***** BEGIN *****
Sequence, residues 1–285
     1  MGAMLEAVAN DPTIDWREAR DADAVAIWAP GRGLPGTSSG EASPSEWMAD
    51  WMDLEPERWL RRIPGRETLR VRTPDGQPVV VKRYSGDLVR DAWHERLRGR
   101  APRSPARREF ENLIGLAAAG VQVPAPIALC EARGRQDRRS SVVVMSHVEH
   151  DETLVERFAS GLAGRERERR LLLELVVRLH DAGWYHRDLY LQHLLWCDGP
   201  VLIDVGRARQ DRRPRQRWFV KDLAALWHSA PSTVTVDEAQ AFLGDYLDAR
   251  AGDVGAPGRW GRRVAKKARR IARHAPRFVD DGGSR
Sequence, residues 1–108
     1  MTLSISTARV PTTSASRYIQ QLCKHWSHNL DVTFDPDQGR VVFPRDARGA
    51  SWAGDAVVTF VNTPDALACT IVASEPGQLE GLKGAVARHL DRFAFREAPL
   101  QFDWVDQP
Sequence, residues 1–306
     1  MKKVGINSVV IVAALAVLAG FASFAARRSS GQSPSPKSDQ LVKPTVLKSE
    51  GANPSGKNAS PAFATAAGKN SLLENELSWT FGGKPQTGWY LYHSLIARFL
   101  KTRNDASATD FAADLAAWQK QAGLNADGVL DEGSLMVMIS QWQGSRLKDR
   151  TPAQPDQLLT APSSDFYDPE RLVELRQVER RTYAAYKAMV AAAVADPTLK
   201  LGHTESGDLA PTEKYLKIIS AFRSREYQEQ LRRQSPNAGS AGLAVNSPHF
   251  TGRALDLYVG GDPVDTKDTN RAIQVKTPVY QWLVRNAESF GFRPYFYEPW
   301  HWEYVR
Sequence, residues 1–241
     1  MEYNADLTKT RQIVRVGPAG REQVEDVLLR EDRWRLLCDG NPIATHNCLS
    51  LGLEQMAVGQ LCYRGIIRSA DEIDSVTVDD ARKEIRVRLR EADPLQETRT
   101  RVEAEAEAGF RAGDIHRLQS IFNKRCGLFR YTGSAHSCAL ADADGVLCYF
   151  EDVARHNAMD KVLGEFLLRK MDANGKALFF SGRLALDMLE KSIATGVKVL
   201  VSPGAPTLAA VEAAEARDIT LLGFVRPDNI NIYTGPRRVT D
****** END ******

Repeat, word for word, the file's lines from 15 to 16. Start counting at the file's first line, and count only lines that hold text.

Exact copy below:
   101  KTRNDASATD FAADLAAWQK QAGLNADGVL DEGSLMVMIS QWQGSRLKDR
   151  TPAQPDQLLT APSSDFYDPE RLVELRQVER RTYAAYKAMV AAAVADPTLK